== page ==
KENDUSKEAG KNOB: 8/24/10
Carol suggested we head over to Wild River for our last hike together in Summer 2010, before the school year starts. I'm always up for a trip to what has long been one of my favorite haunts in the Whites. Our destination was a nameless 3100-ft. ledge along the Kenduskeag Trail, on the easternmost knob of Shelburne Moriah Mountain. This expanse of rock has perhaps the finest view one can obtain looking south up the broad Wild River Valley and out to the high ridges that guard it on either side. I like to call it the "Zeacliff of Wild River" - its expansive backcountry vista is similar in character to that famed viewpoint overlooking the eastern Pemigewasset Wilderness.
With water levels still low despite some rain the day before, we chose the approach via the southern section of the Shelburne Trail, which requires a ford of the Wild River right at the start. The northern approach via Shelburne Trail off Rt. 2 has no difficult brook crossings, but the first two miles are on a recently active logging road and are not very appealing.
There is room for a couple of cars to park across from the sign marking the south trailhead, 5 miles up the gravel Wild River Rd. from Rt. 113.
In 0.1 mi. you reach the crossing of the Wild River. It could have been rock-hopped if you scouted around, but we had brought our Crocs, and it seemed easier just to put them on and wade across.
Looking downstream to an eastern spur of Howe Peak.
The water was relatively warm and not too deep. I'm always pleased by how well my Crocs grip on the underwater rocks.
After drying our feet in the sun on the riverbank, we continued a short distance to a rock-hoppable brook crossing.
Cairns marked the way through a confusing outwash area.
Next the trail crossed a big dry brookbed.
We clambered up a bank and immediately hit the junction with the Highwater Trail. If the Wild River is too high to cross, you can reach this point by starting at the Wild River Campground, walking 0.4 mi. south on the Wild River Trail, turning R on the Moriah Brook Trail and crossing the river on a suspension bridge (which is just outside the Wilderness), then turning R again on Highwater Trail and following it north to the Shelburne Trail; just before the junction you must cross Bull Brook without a bridge, but it's easier than the Wild River. This is 1.6 mi. longer each way than the direct route on the Shelburne Trail.
For the next 0.7 mi. the Shelburne Trail provided delightful walking up an old railroad grade, a spur of the Wild River Railroad used at the turn of the 20th century.
After crossing a northern tributary of Bull Brook, we entered the Wild River Wilderness.
In another 0.1 mi. the trail turned R off the railroad bed and began a long, easy climb through a fine hardwood forest, following an ancient logging road up the valley of the tributary. Fine walking out here.
There were some interesting mushrooms along the trail. I'm pretty helpless with mushroom ID, please feel free to ID in the comments.
We followed moose tracks for a long way, including one spot where it made a little slide down a bank.
We were impressed by this pair of towering sugar maples.
Higher up in the valley, the woods became sprucier, the grade steeper and the footing rougher.
In the upper mile there were quite a few overgrown sections, including this spot leading into the narrow col between Howe Peak and Shelburne Moriah.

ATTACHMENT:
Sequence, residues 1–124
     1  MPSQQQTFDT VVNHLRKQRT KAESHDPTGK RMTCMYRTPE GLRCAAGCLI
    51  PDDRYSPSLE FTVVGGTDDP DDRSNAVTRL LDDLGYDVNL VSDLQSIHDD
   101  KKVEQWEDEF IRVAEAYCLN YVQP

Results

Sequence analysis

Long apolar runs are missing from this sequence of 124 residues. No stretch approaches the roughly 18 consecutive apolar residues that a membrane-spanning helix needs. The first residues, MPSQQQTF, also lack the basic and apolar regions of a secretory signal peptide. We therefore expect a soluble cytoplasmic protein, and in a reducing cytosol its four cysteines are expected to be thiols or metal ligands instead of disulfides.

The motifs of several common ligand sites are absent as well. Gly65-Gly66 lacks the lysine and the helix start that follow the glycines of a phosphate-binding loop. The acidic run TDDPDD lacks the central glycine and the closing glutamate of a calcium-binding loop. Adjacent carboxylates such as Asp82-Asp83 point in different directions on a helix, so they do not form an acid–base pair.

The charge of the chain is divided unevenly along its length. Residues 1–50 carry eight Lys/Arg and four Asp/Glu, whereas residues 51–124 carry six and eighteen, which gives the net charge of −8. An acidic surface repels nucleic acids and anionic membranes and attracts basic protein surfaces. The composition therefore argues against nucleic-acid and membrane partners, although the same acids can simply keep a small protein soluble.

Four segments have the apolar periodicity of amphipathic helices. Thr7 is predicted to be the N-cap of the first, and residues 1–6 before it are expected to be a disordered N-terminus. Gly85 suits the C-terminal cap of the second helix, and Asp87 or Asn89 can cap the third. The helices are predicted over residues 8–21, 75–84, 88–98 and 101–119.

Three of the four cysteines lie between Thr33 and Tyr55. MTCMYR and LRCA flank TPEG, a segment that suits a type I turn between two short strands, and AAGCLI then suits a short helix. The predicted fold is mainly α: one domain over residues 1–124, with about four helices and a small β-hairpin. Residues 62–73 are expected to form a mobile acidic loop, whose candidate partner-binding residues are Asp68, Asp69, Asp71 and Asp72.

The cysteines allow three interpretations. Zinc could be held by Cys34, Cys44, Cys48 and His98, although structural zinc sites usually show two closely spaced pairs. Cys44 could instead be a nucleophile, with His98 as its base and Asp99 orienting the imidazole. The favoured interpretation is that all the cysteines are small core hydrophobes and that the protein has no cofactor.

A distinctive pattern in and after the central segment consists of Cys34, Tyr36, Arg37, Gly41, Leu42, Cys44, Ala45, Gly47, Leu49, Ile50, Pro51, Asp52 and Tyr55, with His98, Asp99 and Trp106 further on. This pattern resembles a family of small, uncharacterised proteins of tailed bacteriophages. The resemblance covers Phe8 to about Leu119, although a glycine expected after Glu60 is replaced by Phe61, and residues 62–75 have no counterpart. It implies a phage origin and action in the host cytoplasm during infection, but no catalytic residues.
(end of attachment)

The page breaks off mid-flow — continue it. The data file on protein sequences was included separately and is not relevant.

We reached the Kenduskeag Trail in a little clearing at the height-of-land.
The Kenduskeag is a neat ridgecrest trail that originally extended E over Howe Peak and lesser knobs and eventually down to the Wild River. The section east of the Shelburne Trail was abandoned in the 1950s. We followed this birchy section westward towards the knob with the view ledge.
We had to pick our way along the edge of this mucky sedge meadow.
A level stretch led beneath some small cliffs.
This steep, slippery ledge scramble presented a challenge just below the view ledge.
Where the trail reaches its highest point on this knob (the summit is up to the R), you must scramble L up a steep ledge to access the flat outlook perch. It is well worth the effort! There's no better place from which to appreciate the expansive Wild River Valley. The Baldfaces on the L, Carter Dome/Hight on the R, and little Black Mountain way out at the head of the valley. Nearly all of this mountainscape is now within the Wild River Wilderness.
Nearby to the SW is Mt. Moriah and its loooong SE ridge, with the Carters peering over.
The Royces are to the SE, with more ledges in the foreground.
Shelburne Moriah looms to the W.
What a great place to hang out - we spent two hours plus here and no one came by until we were getting ready to leave.
There was, of course, time for a snooze.
A zoom on Carter Dome and Hight.
The great rock knob at 3500 ft. on the SE ridge of Moriah.
While Carol finished her mystery novel, I made a short, thick bushwhack to a higher ledge.
Parting shot, looking toward the Baldface-Meader ridgeline. Old logging roads (probably from a 1950s selective cut) can be seen on the lower slope in the foreground.
Looking up at one of the cliff faces along the Kenduskeag Trail.
This mini-meadow was just off the Shelburne Trail down in the hardwoods. Several of these wet grassy spots could be seen.
A look down the dry brookbed as we approached the crossing of the Wild River.
A successful crossing, with boots held high and dry! Another great day in a "wild" corner of the Whites. If you're interested in the Wild River area - its human and natural history, and how it became a Wilderness - I highly recommend the recently published book, Nature and Renewal: Wild River Valley & Beyond, by Dean B. Bennett. The hike described here is about 7.2 mi. round trip with 2000 ft. of elevation gain.